can you practice to improve flute arpeggios?
> Any suggestions for getting my arpeggios to sound
smoother and to
> have better breath control with them?
This is very close to being an impossible question to
typing an encyclopedia of flute playing.
First you have to practice the arpeggios daily for
several weeks, and
then present them to an educated listener.
There are simply too many facets to type up.
So, work 'em up and then if your private teacher listens
prepared arpeggios, they will be able to hear and see
doing and be able to suggest specific flute practice
areas that require personal study for improvement.
But I love the challenge of trying to summarize the
So I suggest you prepare the assigned arpeggios while
the following questions (until your next lesson):
- am I standing with a posture that supports my best
- if I run out of breath during an arpeggio, is it
because I have to
play at exrtremely slow speeds? If so, is there a note on
pause, and then breathe and the restart?
- have I tried moving the pause and breath to a different
each repeat of the arpeggio? Have I broken up and spliced
several different ways until the amount of breath needed
- is my embouchure aperture too big? Am I blowing too
hard and wasting
air, instead of finding a refined embouchure postion for
each note of
- is air escaping from my nose when I play? Do I know
the airstream in a way that corrects this?
- am I using the right the lower abdominal muscles to
tone, or am I trying to do it all with my small muscles
Can I shift to supporting lower in the body?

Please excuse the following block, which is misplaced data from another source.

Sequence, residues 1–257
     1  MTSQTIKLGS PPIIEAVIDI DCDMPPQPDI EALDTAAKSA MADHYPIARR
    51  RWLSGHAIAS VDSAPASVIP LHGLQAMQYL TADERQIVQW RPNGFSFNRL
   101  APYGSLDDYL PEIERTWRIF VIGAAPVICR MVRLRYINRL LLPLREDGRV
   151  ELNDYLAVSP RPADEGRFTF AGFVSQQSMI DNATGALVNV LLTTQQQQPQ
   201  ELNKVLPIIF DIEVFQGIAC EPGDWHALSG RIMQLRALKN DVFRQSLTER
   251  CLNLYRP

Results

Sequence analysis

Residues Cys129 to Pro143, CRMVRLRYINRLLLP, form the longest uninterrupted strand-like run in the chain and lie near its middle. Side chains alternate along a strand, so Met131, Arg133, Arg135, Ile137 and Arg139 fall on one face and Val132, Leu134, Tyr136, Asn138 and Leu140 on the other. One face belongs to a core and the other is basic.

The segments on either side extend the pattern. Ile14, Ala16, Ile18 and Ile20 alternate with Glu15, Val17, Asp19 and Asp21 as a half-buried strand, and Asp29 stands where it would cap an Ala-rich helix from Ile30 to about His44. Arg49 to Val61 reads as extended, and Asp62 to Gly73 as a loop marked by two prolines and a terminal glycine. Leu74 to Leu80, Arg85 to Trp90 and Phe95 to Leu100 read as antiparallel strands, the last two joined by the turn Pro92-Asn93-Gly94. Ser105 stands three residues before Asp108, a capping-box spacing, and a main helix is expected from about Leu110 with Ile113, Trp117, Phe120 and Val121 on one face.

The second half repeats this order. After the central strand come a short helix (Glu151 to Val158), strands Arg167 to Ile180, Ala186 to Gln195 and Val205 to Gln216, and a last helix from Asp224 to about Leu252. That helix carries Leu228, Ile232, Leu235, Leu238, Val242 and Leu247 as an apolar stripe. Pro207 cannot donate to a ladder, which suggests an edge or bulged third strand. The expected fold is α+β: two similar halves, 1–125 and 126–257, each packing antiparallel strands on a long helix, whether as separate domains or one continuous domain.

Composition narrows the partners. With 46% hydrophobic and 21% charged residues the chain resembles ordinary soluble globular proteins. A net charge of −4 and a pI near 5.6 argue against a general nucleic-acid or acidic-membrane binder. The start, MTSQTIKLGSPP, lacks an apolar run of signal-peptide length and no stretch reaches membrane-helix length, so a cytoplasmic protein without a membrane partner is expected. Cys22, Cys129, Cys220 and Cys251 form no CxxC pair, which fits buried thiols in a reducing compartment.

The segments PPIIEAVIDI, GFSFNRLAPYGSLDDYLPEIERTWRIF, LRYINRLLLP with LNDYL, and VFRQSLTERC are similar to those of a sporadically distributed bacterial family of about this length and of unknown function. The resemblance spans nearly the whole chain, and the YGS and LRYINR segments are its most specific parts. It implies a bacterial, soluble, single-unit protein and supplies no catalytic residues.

- is the tone quality equally good on every individual
note of the
- if the tone is weak on any one note, can I longtone up
chromatically and FIND the best tone for each note of
- am I practicing all-slurred first to ascertain the
position and amount of air support?
- am I moving the airstream constantly between notes so
movement from note to note is abolutely legato?
- am I supporting the pitches with the same support that
I'd use if
just playing each pair of pitches as a pair of slurred
- am I moving to the new lip position and increasing the
ADVANCE of actually changing the fingers for the next
- are my fingers staying low, and close to the keys?
(look in mirror)
- am I using the most efficient and relaxed finger motion
(watch fingers with flute resting on left shoulder)
- can I play this arpeggio sequence with the metronome to
rhythmically correct, and all finger movements completely
regular in rhythm?
- if the rhythm is un-even, have I tried playing an
arpeggio using an imaginary dotted-note rhythm (long
and then reverse the dotted rhythm (short note, long
note) until the
fingers learn to land evenly in all combinations of long
- can I return to even rhythms and then gradually click
up to higher speeds? (while keeping the original
"great tone on every
- have I noticed the need for special fingerings for
arpeggios? What are the best choices for Bb/A#, F#3, high
What fingerings are possible? Which should I use at which
- when I descend to a low note am I returning to the best
for the best tone in the low register?
- can I crescendo into the low register to make it equal
tone-colour and strength of the middle register?
- can I play softly in the high register, when ascending
so that the
high notes equal the middle and low register in intensity
get loud for no apparent reason?
- can I play the arpeggios musically? Adding dynamics,
- did I mark the difficult arpeggios for special, focused
work for the
next day (some are MUCH harder than others.)
- do I have a musical application for my arpeggio
practice? (is there
are musical reward, in a piece I'm playing, where I can
use all the
above techniques to improve the arpeggios in a musical
It's a huge topic.
Try the above ideas and then ask us specifics, maybe?
After several weeks of improvements plus teacher's
Jen :>) Encyclopedia-writing-flute-arpeggio-practicer
to Jen's homepage